CBRS proponents quietly fret over NTIA’s ongoing 3.5 GHz tech testing

A number of executives in the 3.5 GHz CBRS space are quietly worrying that the NTIA is taking too long to test elements being used in the technology. The NTIA, for its part, argues that it’s going as fast as it can.

The situation boils down to the fact that CBRS players are chomping at the bit to launch commercial 3.5 GHz services. Although no executive wanted to speak about the topic publicly, several expressed concerns privately that the momentum behind 3.5 GHz services could be held up by a lengthy government testing process.

And it appears that the NTIA is aware of those concerns. Keith Gremban, director of the NTIA’s Institute for Telecommunication Sciences (ITS), wrote in a post on the agency’s website that “we are working efficiently and judiciously to make sharing in the 3.5 GHz band a reality as soon as possible.” The ITS is the NTIA organization conducting the CBRS tests.

At issue are the Environmental Sensing Capability (ESC) sensors and the Spectrum Access Systems (SAS) necessary for communications in the CBRS band. As the NTIA noted, the ESC sensors are designed to alert the associated SASs when federal radar systems are operating in the 3.5 GHz band, so that the SAS can take immediate action to manage CBRS devices to prevent interference.

It’s no surprise that the NTIA’s ITS is involved in the issue. The NTIA is essentially a steward of spectrum for government users and is therefore playing a key role in the CBRS space because the 3.5 GHz band is being shared between commercial users and the military, mainly the U.S. Navy. The spectrum sharing scenario for CBRS is a first-of-its-kind in the world.

“ITS has released a study guide for Spectrum Access System testing via GitHub. The guide consists of samples of tests that will be conducted on Spectrum Access Systems. The tests will include a wide variety of scenarios and situations to test the systems’ ability to manage CBRS devices,” NTIA’s Gremban wrote. “ITS is also advancing its testing of ESC sensors and expects to complete the laboratory phase of testing ahead of schedule.”

In response to questions from FierceWireless on the topic, a variety of CBRS proponents acknowledged the importance of the NTIA’s ongoing tests.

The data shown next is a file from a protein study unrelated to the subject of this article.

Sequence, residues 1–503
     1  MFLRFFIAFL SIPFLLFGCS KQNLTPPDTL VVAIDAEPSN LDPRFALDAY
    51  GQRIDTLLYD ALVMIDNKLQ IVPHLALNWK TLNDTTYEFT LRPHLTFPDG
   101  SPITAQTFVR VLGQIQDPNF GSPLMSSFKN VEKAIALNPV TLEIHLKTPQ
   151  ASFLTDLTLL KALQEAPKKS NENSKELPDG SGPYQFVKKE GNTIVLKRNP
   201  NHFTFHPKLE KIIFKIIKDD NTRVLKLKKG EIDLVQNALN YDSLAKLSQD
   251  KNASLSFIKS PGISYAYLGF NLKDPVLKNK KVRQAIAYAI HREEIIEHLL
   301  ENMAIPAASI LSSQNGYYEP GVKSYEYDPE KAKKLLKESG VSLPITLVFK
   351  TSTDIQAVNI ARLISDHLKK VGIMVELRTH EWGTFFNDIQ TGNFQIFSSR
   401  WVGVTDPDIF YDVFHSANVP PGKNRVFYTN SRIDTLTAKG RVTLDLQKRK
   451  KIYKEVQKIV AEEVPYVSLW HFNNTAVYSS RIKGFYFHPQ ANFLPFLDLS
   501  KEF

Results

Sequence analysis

“The collaboration between industry and numerous federal agencies and departments to operationalize the CBRS band has achieved unprecedented levels of coordination and cooperative development,” the CBRS Alliance said in a statement on the topic last month. “This is quite encouraging as we look to a future where federal/commercial sharing may be increasingly important. NTIA, FCC, the DoD and other government stakeholders have all been very active and supportive as we move closer to initial commercial deployments and to full commercial service in CBRS, which we expect soon.”

The WInnForum similarly offered conciliatory comments on the topic: “WInnForum is pleased to have collaborated closely with ITS during both development and evaluation of the test code,” the association's steering group said in a statement last month. “WInnForum is working with our government partners to ensure that certification is progressing as quickly as possible while making sure that all incumbents are properly protected.”

But the NTIA, in statements last month, made it clear that it is not at fault for any delays. “ESC testing is ahead of schedule, and certification testing for ESC Operators is expected to be completed by the end of the year,” the agency said in a statement. “Test code for the SAS certification system, first provided by industry on May 29, has had to be repeatedly updated to correct problems in the code provided for testing. ITS is working with several conditionally approved SAS Administrators to ensure that the code is capable of being appropriately tested for compliance. Given the complex code and systems involved, SAS testing is proceeding as expected.”

The FCC, for its part, voted last month to move forward with rules governing the CBRS 3.5 GHz spectrum—that action essentially removed another obstacle to widespread 3.5 GHz deployments. And companies ranging from AT&T to Verizon to Charter have expressed interest in using the spectrum.

Now all eyes are on the NTIA.